The way I always viewed the Google issue is that like my electrician
father I have many tools in my toolbox and no one tool can do
everything. The trick is learning to use the right tool for the job you
need to do. This is what I teach my patrons too. A screwdriver just
won't work when you need a hammer.


Gwen E. Sprague, M.L.S.
Clinical Medical Librarian
TMC Lakewood
Medical Dental Library
7900 Lee's Summit Road
Kansas City, MO  64139-1236
816.404.8265 voice
816.404.8266 fax

-----Original Message-----
From: Medical Libraries Discussion List [mailto:[log in to unmask]]
On Behalf Of Guessferd Mary
Sent: Tuesday, January 13, 2009 10:29 AM
To: [log in to unmask]
Subject: CHAT: PubMed vs. google scholar (longish)

Familiar Scenario:

MD: "I have an article from last year, but I can't find my printout.
It's from Health Affairs and it starts with a vignette about a guy in
Las Vegas who has an MI and goes to the emergency room and they can find
all his information - banking info, etc, but nothing about his
medication or health history. Can you get it for me?"

Actually, this MD is one of my more search savvy guys, so I was more
than happy to help him look - and he did kneel on the floor next to me
while I did a little preliminary hunting, in EBSCO,  and helped me try
to find the right terms for the above fuzzy scenario...

However, we were not immediately successful and he had to go to the
office. He intended to look later for it. In the meantime, I kept
hunting. (It sounded like a good article!)  I expanded the dates trying
to find something. MeSH was no help, either. Finally after trying PubMed
and all sorts of search terms, I went to Health Affairs and perused
their archives. Finally, in desperation, I went to google scholar,
plugged in the information he gave me (las vegas MI emergency room
health information), and ... found public health articles.


I redesigned the search string (las vegas emergency room information not
health) - and got his article as my first hit! Yeah, I was surprised,

The article was indeed from Health Affairs, but from 2005, not last year
(what a surprise!    NOT!)

After I had sent the article to my MD, and received his kudos for
finding it so fast(!),  I went back to PubMed, and with some difficulty
- only after I input the whole title into single citation matcher, and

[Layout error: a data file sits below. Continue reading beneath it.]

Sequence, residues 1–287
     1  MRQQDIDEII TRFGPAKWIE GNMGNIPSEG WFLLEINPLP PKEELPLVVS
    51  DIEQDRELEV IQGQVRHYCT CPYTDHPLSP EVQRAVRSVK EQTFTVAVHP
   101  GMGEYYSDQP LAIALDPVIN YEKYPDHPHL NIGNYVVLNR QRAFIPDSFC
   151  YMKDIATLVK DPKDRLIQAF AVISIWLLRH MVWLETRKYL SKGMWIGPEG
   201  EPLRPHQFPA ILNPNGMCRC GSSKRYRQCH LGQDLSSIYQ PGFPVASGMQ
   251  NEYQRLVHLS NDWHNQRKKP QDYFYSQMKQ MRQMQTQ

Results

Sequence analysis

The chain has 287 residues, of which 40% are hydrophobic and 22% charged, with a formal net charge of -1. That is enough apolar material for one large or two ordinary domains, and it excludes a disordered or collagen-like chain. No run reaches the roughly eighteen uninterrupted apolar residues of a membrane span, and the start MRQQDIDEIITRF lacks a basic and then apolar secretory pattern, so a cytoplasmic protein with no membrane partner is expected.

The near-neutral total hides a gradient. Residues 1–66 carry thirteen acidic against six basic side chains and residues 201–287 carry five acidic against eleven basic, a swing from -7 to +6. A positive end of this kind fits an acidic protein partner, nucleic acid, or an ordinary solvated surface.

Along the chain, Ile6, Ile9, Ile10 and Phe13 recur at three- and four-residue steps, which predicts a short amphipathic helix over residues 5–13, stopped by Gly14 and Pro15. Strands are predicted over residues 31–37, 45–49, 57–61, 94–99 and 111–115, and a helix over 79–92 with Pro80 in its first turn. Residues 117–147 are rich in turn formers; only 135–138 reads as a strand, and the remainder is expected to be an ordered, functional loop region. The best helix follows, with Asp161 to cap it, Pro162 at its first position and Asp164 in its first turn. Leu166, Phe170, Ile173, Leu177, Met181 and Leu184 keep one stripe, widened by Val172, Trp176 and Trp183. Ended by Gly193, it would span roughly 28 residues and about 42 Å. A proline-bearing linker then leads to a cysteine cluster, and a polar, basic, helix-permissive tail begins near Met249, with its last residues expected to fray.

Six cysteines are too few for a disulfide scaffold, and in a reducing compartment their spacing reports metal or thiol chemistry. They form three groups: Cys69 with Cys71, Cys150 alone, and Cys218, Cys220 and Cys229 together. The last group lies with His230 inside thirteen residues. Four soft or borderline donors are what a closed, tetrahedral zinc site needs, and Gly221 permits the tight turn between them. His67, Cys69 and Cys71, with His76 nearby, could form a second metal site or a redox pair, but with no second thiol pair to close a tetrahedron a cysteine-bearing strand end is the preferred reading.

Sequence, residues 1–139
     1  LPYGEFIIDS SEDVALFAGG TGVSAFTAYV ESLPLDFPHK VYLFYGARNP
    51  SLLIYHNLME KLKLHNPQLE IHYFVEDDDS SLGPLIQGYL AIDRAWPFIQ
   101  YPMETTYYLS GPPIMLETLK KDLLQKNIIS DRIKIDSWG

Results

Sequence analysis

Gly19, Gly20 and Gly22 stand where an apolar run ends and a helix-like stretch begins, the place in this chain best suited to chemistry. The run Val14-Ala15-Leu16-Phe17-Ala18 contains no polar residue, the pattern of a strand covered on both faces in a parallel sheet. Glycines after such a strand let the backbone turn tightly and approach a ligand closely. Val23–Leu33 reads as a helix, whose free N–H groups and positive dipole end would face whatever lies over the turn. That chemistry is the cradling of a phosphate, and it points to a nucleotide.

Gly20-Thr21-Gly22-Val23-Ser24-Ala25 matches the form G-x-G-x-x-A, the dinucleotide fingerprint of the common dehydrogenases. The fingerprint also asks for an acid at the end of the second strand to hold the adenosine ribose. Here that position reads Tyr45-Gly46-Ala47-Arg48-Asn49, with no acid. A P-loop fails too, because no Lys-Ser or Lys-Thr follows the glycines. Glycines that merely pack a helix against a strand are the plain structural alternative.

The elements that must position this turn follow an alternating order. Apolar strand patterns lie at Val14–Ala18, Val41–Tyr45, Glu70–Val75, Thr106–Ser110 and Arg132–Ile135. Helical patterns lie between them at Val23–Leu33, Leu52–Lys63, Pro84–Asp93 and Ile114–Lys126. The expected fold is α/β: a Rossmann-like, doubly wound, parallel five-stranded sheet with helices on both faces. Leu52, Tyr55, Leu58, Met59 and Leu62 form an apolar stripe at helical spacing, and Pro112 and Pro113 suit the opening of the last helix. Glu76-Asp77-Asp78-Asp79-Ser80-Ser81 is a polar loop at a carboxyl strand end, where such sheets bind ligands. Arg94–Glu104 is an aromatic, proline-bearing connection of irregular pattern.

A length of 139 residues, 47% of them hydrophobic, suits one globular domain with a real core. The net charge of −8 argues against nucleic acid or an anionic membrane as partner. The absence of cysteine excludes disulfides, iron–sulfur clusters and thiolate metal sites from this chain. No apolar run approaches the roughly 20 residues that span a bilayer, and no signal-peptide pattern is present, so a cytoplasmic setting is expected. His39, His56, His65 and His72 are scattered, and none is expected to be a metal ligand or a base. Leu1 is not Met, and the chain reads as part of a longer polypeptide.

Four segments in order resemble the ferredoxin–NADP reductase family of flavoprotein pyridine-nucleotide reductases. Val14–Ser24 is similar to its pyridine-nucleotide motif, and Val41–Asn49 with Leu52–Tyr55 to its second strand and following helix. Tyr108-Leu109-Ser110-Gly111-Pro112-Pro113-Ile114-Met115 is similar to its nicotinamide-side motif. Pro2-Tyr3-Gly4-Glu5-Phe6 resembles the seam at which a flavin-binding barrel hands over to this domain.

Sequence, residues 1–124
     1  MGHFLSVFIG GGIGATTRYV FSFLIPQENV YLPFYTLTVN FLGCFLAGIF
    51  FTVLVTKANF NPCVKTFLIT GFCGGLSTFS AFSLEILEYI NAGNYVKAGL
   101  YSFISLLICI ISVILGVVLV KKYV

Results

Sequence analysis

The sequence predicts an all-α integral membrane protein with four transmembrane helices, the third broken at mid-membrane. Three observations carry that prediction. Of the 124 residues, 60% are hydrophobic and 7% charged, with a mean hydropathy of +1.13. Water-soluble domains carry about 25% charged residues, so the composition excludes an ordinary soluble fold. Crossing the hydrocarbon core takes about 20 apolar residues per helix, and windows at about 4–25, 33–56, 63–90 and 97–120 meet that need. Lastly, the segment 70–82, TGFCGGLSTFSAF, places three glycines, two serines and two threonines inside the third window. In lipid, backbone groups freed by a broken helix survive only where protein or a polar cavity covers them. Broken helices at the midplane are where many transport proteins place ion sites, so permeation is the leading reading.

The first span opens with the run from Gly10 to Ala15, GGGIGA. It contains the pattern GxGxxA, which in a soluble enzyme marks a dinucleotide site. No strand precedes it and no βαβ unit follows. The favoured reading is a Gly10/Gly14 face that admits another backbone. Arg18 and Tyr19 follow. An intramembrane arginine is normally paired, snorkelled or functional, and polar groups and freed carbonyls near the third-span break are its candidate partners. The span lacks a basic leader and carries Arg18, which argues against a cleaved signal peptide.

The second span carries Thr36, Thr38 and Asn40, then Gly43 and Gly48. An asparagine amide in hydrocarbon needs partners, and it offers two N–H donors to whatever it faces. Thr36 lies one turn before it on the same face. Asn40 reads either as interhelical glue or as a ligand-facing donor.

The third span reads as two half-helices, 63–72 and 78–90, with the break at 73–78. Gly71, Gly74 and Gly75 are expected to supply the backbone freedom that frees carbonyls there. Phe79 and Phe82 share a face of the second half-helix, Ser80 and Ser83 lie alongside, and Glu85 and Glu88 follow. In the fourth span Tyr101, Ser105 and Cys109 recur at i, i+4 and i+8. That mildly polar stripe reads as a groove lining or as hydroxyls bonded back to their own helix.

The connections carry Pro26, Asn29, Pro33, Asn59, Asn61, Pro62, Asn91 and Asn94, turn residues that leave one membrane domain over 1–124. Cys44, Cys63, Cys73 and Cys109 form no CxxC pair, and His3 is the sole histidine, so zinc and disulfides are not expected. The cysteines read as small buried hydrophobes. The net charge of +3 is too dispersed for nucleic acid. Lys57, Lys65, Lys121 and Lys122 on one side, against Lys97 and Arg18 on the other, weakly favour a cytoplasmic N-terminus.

all the other publishing information, did I get a hit on this article.
There was no way that article was going to come up without the entire
title. Usually I can find an item using the journal name, year, and
pertinent volume, and page, without having to input the entire article
title or author. I couldn't even pull up any Health Affairs articles
from 2005 by that author.

When it came up finally, I looked at it's index terms:

 *   Diffusion of
 *   Federal
 *   Government
 *   Information Management/organization &
 *   Medical Records Systems,
 *   United

None of those truly fit the jist of the article, which is marketplace
failure to adopt adequate health IT is hurting patient care. Indeed, the
article describes an IT nightmare which allows access to the patient's
personal financial information, etc, but blocks access to his health
information. The errors made in his care were a result of inadequately
implemented IT. Through a series of well-intentioned, but mis-managed
events by insurers and poorly implemented health care IT, the patient
died. The article then goes on to discuss the state of health care IT
implementation  and the various issues surrounding it.

I'm frustrated. The tool that should be the best one for us to use in
finding articles our users need, PubMed, should not be so obtusely
configured that I have better luck using google scholar to find an
article in 2 tries, after hunting in PubMed and journal archives for 45
minutes. In my opinion, the recent changes to PubMed, have not helped us
do our jobs better, but have hindered the process so much that we end up
doing the very thing we tell out users not to do - go to google and get
it there.

Mimi Guessferd, MLS
Medical Librarian
Parkland Medical Center
Derry NH 03038-2750
telephone: 603-421-2318

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